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Musk’s Twitter Takeover Dispute Heading for October Trial

Musk’s Twitter Takeover Dispute Heading for October Trial
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Elon Musk, the richest man in the world, has lost his request for a postponement after a US court ruled that Twitter’s case against him go to trial in October.

When Mr. Musk withdrew from his $44 billion (£36 billion) offer to purchase Twitter earlier in July, the firm decided to sue him.

Twitter is hoping that the court will direct Mr. Musk to finalize the acquisition at the agreed-upon share price of $54.20.

The software tycoon claims that Twitter is hiding information regarding bogus accounts.

Due to the complexity of the case, his legal team requested that the trial start early in 2019, while Twitter requested a September date.

A Delaware court agreed with the business on Tuesday, stating that a trial postponement would create a “fog of uncertainty.”

Kathaleen St Jude McCormick, the chancellor, stated that “delay threatens irreparable harm.” “The risk increases with the length of the wait.”

Prior to the proposed merger, Mr. Musk was charged with a “large list” of breaches, according to the complaint, and it was claimed that he “cast a cloud” over the business.

Twitter’s main attorney William Savitt stated at the hearing on Tuesday that the lingering uncertainty over whether the merger would proceed or not “inflicts injury on Twitter everyday.”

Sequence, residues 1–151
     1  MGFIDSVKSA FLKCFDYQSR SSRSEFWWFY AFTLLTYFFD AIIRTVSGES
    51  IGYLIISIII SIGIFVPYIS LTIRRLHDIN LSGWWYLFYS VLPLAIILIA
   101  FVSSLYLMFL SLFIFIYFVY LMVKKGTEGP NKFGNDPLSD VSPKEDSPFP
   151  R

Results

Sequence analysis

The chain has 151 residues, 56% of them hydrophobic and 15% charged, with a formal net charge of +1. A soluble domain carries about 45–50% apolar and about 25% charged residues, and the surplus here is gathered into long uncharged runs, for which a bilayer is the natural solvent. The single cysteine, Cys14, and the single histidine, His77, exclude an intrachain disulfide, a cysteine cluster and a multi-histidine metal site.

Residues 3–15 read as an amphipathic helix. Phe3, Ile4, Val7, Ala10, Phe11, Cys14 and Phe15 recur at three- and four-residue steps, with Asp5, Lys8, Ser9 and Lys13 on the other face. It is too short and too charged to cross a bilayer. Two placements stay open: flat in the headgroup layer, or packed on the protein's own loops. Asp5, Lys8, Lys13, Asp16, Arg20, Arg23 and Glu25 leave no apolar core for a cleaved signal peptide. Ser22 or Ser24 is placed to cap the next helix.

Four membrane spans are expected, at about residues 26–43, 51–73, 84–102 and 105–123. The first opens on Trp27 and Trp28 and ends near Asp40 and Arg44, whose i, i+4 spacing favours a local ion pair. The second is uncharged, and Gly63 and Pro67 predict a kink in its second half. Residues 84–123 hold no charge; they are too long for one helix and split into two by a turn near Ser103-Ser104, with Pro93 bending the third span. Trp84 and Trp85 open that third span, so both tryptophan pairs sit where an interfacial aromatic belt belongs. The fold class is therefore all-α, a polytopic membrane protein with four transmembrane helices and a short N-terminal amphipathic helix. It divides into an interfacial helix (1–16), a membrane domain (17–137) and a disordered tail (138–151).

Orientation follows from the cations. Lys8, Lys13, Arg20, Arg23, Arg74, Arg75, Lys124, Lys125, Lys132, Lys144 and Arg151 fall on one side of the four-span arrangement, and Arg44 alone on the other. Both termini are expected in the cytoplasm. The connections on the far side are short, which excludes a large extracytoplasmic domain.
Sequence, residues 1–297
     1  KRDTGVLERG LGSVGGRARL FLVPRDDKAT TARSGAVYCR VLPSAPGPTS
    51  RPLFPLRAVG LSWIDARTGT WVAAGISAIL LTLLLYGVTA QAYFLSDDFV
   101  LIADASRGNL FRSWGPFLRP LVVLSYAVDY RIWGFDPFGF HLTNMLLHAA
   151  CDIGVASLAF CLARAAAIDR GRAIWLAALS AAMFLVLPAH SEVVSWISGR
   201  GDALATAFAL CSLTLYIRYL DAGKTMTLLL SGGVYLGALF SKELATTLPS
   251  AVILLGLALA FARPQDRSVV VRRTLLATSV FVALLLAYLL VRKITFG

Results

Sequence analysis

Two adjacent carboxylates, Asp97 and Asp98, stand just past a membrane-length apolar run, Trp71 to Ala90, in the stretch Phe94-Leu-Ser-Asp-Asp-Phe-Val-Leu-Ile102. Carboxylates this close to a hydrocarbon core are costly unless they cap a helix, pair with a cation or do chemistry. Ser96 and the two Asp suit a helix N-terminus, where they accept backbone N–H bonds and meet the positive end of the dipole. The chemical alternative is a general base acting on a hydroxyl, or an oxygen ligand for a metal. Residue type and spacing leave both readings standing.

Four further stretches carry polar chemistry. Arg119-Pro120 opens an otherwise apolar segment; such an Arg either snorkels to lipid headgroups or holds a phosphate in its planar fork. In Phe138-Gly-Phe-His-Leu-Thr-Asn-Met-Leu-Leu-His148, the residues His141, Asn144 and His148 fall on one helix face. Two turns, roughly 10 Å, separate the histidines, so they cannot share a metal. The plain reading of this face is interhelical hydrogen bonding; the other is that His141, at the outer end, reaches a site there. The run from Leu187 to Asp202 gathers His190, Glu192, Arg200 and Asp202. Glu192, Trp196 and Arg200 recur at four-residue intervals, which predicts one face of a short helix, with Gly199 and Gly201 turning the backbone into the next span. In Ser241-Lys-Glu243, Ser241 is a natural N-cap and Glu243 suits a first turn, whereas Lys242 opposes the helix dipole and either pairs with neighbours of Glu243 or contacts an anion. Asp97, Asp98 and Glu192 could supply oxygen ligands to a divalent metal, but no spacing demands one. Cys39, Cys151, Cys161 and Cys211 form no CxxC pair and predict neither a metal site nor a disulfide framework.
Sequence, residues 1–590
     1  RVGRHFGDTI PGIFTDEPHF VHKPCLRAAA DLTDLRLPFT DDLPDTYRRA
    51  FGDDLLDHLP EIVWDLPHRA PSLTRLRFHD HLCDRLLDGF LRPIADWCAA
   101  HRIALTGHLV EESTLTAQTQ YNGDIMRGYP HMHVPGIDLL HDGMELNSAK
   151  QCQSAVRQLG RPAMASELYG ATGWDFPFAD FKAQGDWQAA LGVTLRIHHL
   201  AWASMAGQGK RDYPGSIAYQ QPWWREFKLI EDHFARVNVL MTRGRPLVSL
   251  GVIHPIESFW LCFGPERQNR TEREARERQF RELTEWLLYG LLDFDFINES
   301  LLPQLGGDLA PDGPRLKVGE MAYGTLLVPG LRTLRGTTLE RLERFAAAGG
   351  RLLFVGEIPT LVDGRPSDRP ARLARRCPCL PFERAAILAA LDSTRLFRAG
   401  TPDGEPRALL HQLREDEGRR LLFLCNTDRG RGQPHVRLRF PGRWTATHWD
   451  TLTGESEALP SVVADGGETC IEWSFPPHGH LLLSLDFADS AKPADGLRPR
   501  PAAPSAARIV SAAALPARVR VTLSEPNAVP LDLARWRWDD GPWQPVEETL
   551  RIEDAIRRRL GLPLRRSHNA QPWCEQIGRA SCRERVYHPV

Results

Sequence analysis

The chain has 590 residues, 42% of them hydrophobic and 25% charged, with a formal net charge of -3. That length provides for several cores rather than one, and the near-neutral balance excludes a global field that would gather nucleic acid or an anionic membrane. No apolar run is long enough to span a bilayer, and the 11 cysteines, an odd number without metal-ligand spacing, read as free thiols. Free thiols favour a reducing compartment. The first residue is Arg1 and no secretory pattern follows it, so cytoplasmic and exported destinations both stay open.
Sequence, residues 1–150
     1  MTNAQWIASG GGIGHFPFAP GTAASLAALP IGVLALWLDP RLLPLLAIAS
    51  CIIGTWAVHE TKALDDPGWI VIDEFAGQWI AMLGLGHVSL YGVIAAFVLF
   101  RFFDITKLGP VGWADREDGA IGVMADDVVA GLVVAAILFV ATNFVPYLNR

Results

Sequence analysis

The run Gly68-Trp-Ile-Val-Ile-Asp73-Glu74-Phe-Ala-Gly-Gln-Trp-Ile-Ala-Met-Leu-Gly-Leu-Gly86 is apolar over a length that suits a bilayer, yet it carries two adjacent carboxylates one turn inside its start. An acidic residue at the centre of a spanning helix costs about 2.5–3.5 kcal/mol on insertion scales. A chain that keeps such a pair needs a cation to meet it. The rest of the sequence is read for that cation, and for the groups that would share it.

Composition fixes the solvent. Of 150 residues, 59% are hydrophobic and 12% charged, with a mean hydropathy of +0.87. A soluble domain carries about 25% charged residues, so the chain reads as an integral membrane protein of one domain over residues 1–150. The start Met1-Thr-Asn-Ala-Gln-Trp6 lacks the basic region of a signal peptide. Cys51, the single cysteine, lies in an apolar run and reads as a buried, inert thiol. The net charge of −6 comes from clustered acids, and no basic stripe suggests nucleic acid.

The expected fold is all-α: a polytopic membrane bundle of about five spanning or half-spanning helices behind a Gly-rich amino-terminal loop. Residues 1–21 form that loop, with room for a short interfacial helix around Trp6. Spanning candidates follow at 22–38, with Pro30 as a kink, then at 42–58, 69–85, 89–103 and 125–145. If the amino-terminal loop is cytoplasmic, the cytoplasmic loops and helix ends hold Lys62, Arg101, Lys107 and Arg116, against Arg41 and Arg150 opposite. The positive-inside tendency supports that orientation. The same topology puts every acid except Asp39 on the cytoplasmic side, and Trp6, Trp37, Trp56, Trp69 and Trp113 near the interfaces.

According to Mr. Savitt, “Musk has been and will continue to be contractually required to utilize his best efforts to conclude the acquisition.” “He is doing the complete opposite. This is sabotage.”

Mr. Musk’s attorney, Andrew Rossman, contended that he continues to be one of Twitter’s largest stockholders. According to him, the trial should take place the next year on a “reasonable” schedule that would provide both parties ample time to prepare.

Since Mr. Musk started raising concerns about the volume of spam and phony accounts on Twitter’s platform in May, the stock price of the firm has dropped from highs of $50 per share.

The company’s shares are now trading for roughly $39.45, far less than the $54.20 per share it intends to consummate the merger at.

As a self-described “free speech absolutist,” Mr. Musk has pledged to relax content restrictions if he were to acquire the business.

Additionally, he demanded that the business be more transparent about how tweets are pushed to wider audiences and how they are presented to users.